iLearn. Sigh. #justaskbev

Dear Bev,

In my department we have a letter-grade-only mandate for assessment results. I’m at a loss as to how to set this up in my iLearn unit without having to manually enter letter grades. Is there a way the iLearn Gradebook can only show letter grades to students even though I’m marking with numerical values?

Yours,
Magic Marker


Dear Magic Marker,

You’re in luck! There is a magic solution!

There are three levels of settings for the Grade Display Type:

  1. Grade Item level
  2. Grade Category level
  3. Unit Grade Settings level

1. Grade Item level

Tools > Unit Administration > Gradebook Setup

a) Select a grade item, click ‘Edit’ and select ‘Settings’:

iLearn Gradebook Setup view (click to enlarge)

 

b) From the drop-down menu for the Grade display type select Letter:

iLearn Grade Item Settings for Grade Display Type (click to enlarge)

 

2. Grade Category level

Tools > Unit Administration > Gradebook Setup

a) Select a grade category, click Edit and select Settings:

iLearn Gradebook Setup view (click to enlarge)

b) Under the Category total section, click Show more… to reveal the Grade Display Item. From the drop-down menu for the Grade display type select Letter:

iLearn Grade Category Settings, Category Total section (click to enlarge)

 

3. Unit Grade Settings level

Tools > Unit Administration > Gradebook Setup > Setup (tab) > Unit Grade Settings

a) Under the Category Item Settings section, from the drop-down menu for the Grade display type select Letter:

iLearn Gradebook Setup, Unit Grade Settings (click to enlarge)

 

Staff View vs. Student View

Now, if you enter numerical values into the Gradebook (either manually into a column or automatically via Turnitin GradeMark / Feedback Studio):

For example:

Test Student 0: 79/100 (presentation), 92/100 (written)

Test Student 1: 72/100 (presentation), 67/100 (written)

iLearn Gradebook – staff view (click to enlarge)

 

Test Student 0 sees the letter grade, HD, displayed:

iLearn Gradebook Test Student 0 view (click to enlarge)

 

while Test Student 1 sees the letter grade, Cr, displayed:

iLearn Gradebook Test Student 1 view (click to enlarge))

So there you have it, Magic Marker!

If you need back up, give us a shout: ilearn.help@mq.edu.au or read the iLearn Gradebook guide.

Teacher of the week: Carol Newall

Dr Carol Newall is a lecturer in Early Childhood Education in the Department of Educational Studies.

 

I work in child development and educational psychology. Most of the time, I scare children as part of my research program. The children typically enjoy our studies because, well, being scared can be quite fun, especially in our studies. It allows us to track how fear develops and diminishes in children, which can inform the treatment and prevention of anxiety disorders early in life. Aside from my persona as an evil scientist who scares children for a living, I also work in the area of STEM education for girls, and trying to get girls to become interested and engaged in areas that they typically shy away from like coding, robotics, and engineering.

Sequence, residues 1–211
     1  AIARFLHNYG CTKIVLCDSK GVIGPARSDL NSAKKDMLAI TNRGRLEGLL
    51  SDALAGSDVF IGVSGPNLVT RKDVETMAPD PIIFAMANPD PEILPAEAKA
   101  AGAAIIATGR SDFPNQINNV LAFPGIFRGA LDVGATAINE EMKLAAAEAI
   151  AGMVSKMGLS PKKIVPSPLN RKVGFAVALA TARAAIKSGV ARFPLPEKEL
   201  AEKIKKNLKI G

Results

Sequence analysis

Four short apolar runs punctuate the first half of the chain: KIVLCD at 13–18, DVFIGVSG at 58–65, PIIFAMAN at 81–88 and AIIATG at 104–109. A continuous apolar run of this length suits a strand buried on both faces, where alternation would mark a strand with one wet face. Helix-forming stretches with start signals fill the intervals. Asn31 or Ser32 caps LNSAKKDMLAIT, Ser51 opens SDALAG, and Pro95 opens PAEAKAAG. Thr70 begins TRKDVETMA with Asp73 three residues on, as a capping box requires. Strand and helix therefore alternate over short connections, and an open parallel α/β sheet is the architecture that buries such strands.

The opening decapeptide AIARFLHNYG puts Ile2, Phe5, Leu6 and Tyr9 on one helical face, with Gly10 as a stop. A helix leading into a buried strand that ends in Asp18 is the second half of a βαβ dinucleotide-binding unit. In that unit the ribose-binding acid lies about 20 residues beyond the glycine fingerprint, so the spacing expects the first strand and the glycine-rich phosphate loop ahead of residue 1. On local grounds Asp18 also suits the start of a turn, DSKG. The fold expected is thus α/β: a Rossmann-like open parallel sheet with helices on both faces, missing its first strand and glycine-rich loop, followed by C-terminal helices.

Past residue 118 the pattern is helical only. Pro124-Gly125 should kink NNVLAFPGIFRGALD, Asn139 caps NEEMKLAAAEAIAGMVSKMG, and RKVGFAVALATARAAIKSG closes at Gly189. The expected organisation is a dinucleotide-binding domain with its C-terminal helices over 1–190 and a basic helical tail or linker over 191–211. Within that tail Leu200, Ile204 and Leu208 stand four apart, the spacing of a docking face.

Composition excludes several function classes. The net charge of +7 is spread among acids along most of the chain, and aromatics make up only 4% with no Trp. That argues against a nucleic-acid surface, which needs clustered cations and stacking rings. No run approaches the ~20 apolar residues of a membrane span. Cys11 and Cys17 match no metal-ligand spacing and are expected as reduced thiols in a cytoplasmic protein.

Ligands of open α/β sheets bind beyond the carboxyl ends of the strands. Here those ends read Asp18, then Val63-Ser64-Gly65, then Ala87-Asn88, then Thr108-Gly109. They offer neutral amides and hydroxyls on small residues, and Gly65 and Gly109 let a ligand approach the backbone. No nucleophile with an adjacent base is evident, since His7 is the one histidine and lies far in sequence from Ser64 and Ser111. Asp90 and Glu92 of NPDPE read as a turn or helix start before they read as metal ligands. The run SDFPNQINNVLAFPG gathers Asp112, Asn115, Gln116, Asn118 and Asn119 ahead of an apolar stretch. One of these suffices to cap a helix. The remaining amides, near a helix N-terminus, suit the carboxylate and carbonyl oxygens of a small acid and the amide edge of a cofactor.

Mostly though, I’m a mother to two rascally but wonderful children – Ava (aged 7) and Tom (aged 2). The best part of my day is being able to interact with them, watch them grow, and listen to all the thoughts they have about the world and recent discoveries. Nothing makes me laugh more than hanging out with my kids, except maybe hanging out my husband ( Dr John Newall, Lecturer in Audiology at Macquarie University).   

 

1. What are your main teaching commitments?

I convene one moderately large undergraduate unit in child development, and a smaller postgraduate unit in the same area. So I lecture, tutor, convene and mark – all the grass-root level teaching responsibilities and tasks required for our units. 
 
2. What’s the biggest challenge you face as a university teacher?

The biggest challenge is trying to ensure that the teaching role does not turn into an administrative role so that I don’t spend most of my time holding my students’ hands through processes they need to learn for themselves (e.g., finding their tutorial rooms, deciding whether to ask for an extension, finding information on iLearn) instead of actually teaching. It makes me a hard task-master but I believe that if we are to truly prepare our graduates to be workforce-ready, we need to encourage them to be independent and confident learners who can make critical decisions for themselves (e.g., whether to attend a tutorial or not). 
 
3. What has helped you improve your teaching most and why?

It’s not a specific technique that I’ve implemented. It’s purely a logistical one. I’m able to improve teaching when I can retain and develop a unit over several years. It’s not possible to improve a unit if you only convene it for one year. However, if you convene a unit over several years, you start to collect more reliable data on what works and what doesn’t work. It also allows you to experiment and take risks with new technologies and techniques with more confidence and expertise because you have everything else under control. So I would say that one of the simplest ways to improve teaching across the university is to give conveners the time to get to know their units first and then the resources to develop their units. 
 
4. What’s been your most memorable moment in teaching?